Rachel Straus - Dance Writer

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Juilliard Dance

 
Published: October 24, 2017
Category: review

Ratmansky's Latest for ABT Pays Tribute to Home

By Rachel Straus In Alexei Ratmansky’s Songs of Bukovina, seen in its premiere October 21 by the American Ballet Theater, the Russian choreographer creates an unsettled world, where freedom’s ecstasy is tendered but never fully awakened in the movements of ten dancers. This quality of being tantalizingly reigned-in is purposeful. It speaks to the place []

Published: May 31, 2016
Category: review

ABT's Symposium Raises Ratmansky's Bar Even Higher

By Rachel Straus NEW YORK—The American Ballet Theatre, now at the Metropolitan Opera House to July 2, is devoting entire evenings to the choreography of Alexei Ratmansky, its artist-in-residence since 2009 and arguably the most revered ballet maker of the decade. With the premiere of his Serenade after Plato’s Symposium, set to and named after []

Published: April 21, 2016
Category: review

Miami City Ballet Gets it Right. Mostly

By Rachel Straus NEW YORK–Miami City Ballet’s gala opening night (April 13), presented by the Joyce Theater at the former New York State Theater, offered what gala opening nights should offer: A taste of a company’s new and old repertoire, a best-foot-forward presentation of its stars and corps, and programming that leaves one hungry for []

Published: February 12, 2015
Category: review

Justin Peck's 'Rōdē,ō: What Would Agnes Say?

By Rachel Straus

NEW YORK — It was as if the feisty spirit of Agnes De Mille had cast a wicked spell. De Mille, whose ballet first brought Copland’s Rodeo to life in 1942, would not have looked kindly on Justin Peck’s decision to make an abstract dance on that classic score. And so when the []

Published: December 3, 2014
Category: profile

Misy Copeland: Profile in Courage

By Rachel Straus

Thanks to Misty Copeland, gone are the days when a company dancer keeps her thoughts to herself and waits for the person in charge (usually a man) to give her the spotlight. The first Black, American Ballet Theatre soloist in more than two decades, Copeland has been increasingly vocal about two things: the []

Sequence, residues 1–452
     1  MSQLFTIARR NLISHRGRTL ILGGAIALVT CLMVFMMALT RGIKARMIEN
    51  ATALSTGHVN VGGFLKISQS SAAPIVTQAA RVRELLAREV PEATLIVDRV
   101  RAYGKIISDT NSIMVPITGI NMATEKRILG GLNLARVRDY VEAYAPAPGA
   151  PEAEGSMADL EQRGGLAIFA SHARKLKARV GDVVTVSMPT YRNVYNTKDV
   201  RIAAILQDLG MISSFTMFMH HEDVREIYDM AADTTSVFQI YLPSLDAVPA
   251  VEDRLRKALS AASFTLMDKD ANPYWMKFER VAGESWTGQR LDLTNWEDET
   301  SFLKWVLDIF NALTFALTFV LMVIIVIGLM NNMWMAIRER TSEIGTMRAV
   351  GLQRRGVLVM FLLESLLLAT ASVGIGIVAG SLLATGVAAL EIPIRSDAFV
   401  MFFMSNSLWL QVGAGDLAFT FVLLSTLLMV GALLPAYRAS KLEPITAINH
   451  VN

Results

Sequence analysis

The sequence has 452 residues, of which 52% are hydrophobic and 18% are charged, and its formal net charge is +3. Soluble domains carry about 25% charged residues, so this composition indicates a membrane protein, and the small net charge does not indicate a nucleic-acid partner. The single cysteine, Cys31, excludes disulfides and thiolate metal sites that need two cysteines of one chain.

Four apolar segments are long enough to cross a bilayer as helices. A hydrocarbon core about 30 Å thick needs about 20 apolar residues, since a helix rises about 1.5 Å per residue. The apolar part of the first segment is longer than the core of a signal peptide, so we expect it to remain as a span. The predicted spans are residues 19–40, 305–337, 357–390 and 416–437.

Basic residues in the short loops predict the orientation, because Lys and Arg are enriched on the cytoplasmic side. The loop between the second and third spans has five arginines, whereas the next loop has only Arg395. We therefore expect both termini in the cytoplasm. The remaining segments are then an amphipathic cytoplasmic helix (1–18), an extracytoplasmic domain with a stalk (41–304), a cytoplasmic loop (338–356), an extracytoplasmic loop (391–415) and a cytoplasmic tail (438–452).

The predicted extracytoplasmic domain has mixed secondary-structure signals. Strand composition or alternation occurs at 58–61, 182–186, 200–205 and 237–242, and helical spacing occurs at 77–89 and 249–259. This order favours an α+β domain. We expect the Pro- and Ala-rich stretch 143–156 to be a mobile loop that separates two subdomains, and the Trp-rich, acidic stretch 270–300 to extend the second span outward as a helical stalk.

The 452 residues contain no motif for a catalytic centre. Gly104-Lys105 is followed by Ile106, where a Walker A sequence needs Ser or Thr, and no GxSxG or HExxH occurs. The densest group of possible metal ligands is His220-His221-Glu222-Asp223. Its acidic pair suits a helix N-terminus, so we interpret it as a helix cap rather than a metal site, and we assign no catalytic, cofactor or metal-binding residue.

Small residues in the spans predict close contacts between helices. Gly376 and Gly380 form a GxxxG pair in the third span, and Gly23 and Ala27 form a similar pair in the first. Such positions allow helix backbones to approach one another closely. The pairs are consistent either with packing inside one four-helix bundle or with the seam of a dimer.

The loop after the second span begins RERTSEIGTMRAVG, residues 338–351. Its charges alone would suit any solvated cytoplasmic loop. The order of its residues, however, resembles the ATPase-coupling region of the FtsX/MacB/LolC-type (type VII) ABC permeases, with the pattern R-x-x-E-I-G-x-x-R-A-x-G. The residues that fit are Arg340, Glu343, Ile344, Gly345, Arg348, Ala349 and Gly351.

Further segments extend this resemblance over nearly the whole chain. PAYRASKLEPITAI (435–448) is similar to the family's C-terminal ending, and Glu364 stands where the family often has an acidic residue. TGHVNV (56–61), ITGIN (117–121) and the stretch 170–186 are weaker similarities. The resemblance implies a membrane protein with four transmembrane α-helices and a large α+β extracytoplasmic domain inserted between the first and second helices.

Published: February 12, 2013
Category: review

At City Ballet, ‘New’ Is Hardly New

By Rachel Straus

NEW YORK — New York City Ballet has become the house of retrospection. Not only because of the Balanchine legacy, but also because some of its newest works are suffused with images of the past, delivering culturally conservative messages. Take Justin Peck’s third City Ballet work, Paz de la Jolla, which premiered Jan. []

Published: February 8, 2012
Category: review

Ballet's Global Currency

By Rachel Straus Like the 18th-century itinerant ballet masters who entertained and often taught aristocrats, choreographers Christopher Wheeldon, Alexei Ratmansky and Wayne McGregor crisscross the globe, creating dances for the world’s elite ballet companies and their audiences. On Jan. 28, New York City Ballet devoted an entire evening at the former New York State Theater []

Published: November 21, 2011
Category: review

ABT in a Modern-dance Mood

By Rachel Straus

NEW YORK — American Ballet Theater looked on Nov. 9 like a ballet company camouflaged as a modern dance troupe. This wasn’t a bad thing. In the New York City Center program, featuring three out of four works by modern dance-makers, ABT members shed much of their classicism. They soft-shoed in Paul []

Published: November 14, 2011
Category: review

Nina Ananiashvili, One-woman Show

By Rachel Straus NEW YORK — Like her legendary predecessor Anna Pavlova, Nina Ananiashvili is that rare ballet dancer whose powers don’t weaken with age. Pavlova toured the world performing “Dying Swan” into her forties; Ananiashvili, now 46, graced the Avery Fisher Hall stage on Nov. 5 as the Swan, one of four works danced []

Published: July 20, 2011
Category: review

When the Star Is the Set: Ratmansky's "Anna Karenina"

By Rachel Straus

NEW YORK — There was a surprise star of the Mariinsky Ballet’s “Anna Karenina,” which had its U.S. premiere at the Metropolitan Opera House July 11-14, and she wasn’t a member of the famed company from St. Petersburg. Based on a novel by the great Russian realist writer Leo Tolstoy, choreographed by the []